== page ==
3. Genome-Wide Identification of TF Repertories in Microalgae

Since the first genome-scale identification of TF-encoding genes in Arabidopsis was published [22], the whole-genome assemblies have allowed us to identify TF-encoding genes based on the conserved sequence profiles of DNA-binding domains and to develop information resources that provide the detailed annotation of TFs in various plant species [15,16,17,18,19]. Such information resources regarding TFs (the so-called TF database) have facilitated the identification of transcriptional regulators and the elucidation of their regulatory roles in various functions, such as growth and development [12], their environmental stress responses [2,11], disease resistance [3,37] in model plant species, and various agronomic traits in crop species [17,38,39]. Moreover, the set of full-length cDNAs encoding TFs has also been useful for developing bio-resources in relation to experimental mutant lines with modified TF functions for the functional characterization of TFs [40,41,42] and to identify their interactors through high-throughput screening, such as yeast one-/two-hybrid screening for the elucidation of transcriptional regulatory networks in plants [43,44].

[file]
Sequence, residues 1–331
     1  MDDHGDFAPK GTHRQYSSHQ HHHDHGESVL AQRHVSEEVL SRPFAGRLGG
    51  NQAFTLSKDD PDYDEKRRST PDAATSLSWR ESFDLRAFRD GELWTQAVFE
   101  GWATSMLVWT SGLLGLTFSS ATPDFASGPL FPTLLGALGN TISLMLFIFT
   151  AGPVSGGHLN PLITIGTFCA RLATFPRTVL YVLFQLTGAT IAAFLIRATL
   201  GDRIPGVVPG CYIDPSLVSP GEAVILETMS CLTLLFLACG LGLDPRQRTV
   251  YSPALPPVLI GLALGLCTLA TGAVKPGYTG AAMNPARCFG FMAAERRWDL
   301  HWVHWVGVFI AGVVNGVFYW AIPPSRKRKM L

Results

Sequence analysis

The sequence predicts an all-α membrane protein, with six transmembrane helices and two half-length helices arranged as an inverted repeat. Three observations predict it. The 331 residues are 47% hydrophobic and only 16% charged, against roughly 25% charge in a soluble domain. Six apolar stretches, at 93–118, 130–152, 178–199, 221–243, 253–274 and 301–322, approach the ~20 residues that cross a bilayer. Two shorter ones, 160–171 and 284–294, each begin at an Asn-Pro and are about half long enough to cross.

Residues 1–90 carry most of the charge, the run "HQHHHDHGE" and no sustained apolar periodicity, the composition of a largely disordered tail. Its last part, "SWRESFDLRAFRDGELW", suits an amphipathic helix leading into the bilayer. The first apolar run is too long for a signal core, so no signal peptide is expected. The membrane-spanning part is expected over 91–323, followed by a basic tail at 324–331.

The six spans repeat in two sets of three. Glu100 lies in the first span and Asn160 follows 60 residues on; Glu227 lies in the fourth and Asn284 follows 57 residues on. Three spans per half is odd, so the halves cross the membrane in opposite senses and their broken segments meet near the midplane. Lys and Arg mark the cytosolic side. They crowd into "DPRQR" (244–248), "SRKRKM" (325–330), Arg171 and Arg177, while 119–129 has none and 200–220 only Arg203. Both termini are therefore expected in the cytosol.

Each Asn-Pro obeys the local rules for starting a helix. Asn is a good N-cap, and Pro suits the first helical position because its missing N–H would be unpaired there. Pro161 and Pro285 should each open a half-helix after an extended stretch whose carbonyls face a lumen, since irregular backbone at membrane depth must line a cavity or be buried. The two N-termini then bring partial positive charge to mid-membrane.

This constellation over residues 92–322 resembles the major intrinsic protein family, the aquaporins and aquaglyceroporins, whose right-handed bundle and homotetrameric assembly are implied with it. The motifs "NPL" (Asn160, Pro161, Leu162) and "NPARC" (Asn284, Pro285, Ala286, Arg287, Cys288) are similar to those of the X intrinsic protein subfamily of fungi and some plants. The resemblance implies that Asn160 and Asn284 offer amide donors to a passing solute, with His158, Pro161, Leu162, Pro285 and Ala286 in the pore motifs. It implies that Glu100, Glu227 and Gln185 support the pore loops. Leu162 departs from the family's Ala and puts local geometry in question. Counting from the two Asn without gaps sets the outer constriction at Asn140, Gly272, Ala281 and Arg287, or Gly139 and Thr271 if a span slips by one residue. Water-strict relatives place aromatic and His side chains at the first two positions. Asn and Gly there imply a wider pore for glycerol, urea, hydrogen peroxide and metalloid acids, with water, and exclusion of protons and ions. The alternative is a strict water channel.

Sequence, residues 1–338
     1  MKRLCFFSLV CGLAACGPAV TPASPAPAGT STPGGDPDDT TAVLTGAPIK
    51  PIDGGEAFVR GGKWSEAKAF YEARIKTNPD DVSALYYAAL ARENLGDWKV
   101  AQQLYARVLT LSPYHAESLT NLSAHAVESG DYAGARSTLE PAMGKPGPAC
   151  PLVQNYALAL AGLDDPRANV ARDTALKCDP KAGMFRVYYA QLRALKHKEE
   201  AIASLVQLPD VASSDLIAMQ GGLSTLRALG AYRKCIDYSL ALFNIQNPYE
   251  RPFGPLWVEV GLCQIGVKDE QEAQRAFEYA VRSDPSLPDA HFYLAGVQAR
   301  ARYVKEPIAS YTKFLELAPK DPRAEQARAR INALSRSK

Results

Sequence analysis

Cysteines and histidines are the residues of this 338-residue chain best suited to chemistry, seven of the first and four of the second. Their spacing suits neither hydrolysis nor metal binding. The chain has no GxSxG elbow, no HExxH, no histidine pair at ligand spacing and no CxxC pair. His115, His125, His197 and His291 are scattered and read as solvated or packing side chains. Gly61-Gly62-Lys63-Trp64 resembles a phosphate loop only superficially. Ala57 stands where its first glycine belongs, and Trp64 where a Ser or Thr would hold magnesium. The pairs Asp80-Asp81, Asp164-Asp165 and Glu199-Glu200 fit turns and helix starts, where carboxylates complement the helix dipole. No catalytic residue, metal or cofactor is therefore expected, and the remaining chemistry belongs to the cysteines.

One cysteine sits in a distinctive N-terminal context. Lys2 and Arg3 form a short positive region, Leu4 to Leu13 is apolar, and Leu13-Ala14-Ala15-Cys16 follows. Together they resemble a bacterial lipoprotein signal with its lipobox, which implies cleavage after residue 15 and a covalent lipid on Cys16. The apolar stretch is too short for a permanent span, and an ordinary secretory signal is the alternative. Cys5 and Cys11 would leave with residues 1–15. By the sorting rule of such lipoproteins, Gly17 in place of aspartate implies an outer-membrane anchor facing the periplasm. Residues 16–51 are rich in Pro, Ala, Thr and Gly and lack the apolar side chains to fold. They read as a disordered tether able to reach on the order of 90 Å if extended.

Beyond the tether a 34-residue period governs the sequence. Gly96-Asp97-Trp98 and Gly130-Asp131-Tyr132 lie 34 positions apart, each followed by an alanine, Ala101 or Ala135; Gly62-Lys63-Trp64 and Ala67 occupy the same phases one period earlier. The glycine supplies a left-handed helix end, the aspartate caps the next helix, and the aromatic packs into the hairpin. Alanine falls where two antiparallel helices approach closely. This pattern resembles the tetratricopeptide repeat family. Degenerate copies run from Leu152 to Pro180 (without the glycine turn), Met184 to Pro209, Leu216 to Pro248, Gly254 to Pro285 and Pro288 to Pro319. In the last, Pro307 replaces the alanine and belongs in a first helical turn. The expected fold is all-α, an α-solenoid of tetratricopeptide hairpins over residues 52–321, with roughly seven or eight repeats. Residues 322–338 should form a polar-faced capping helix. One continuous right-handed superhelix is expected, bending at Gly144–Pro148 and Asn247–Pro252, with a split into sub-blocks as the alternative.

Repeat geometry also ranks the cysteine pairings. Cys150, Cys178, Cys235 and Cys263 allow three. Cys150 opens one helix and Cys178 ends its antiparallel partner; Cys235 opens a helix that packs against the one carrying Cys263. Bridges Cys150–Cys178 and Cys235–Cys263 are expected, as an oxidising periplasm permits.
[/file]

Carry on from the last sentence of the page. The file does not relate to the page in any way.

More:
The family assignment rules for TFs have also been used to identify putative TF-encoding genes, even in microalgae. A study of the genome-scale identification of TF-encoding genes identified 234 genes encoding 147 TFs and 87 TRs of ~40 families in Chlamydomonas [45]. In that study, the authors used information on TFs previously identified in representative plant species, as well as other model organisms, to identify TFs and transcriptional regulators common to all eukaryotes. Thiriet-Rupert et al. applied a strategy that combined similarity search and DBD(DNA binding domain) search to identify TFs from seven algal genomes, and illustrated the specific properties of TF repertories across various algal lineages [46]. PlantTFDB (, accessed on 16 June 2021), a comprehensive information resource for TF families in green plants, provides TFs in 16 Chlorophyta and one Charophyta genome, identified based on a conserved domain-based family assignment rule [19]. PhycoCosm (, accessed on 16 June 2021), a portal information resource for algal research, integrates genomic information in more than 100 algal species, and provides comparative profiles in gene families, including TF families, based on Pfam models associated with DBDs [33]. Since stable transgene expression, miRNA-based gene silencing, and targeted DNA editing are available in Chlamydomonas, mutant resources focusing on TF-encoding genes may provide useful tools for the functional characterization of TFs and their transcriptional regulatory networks in Chlamydomonas.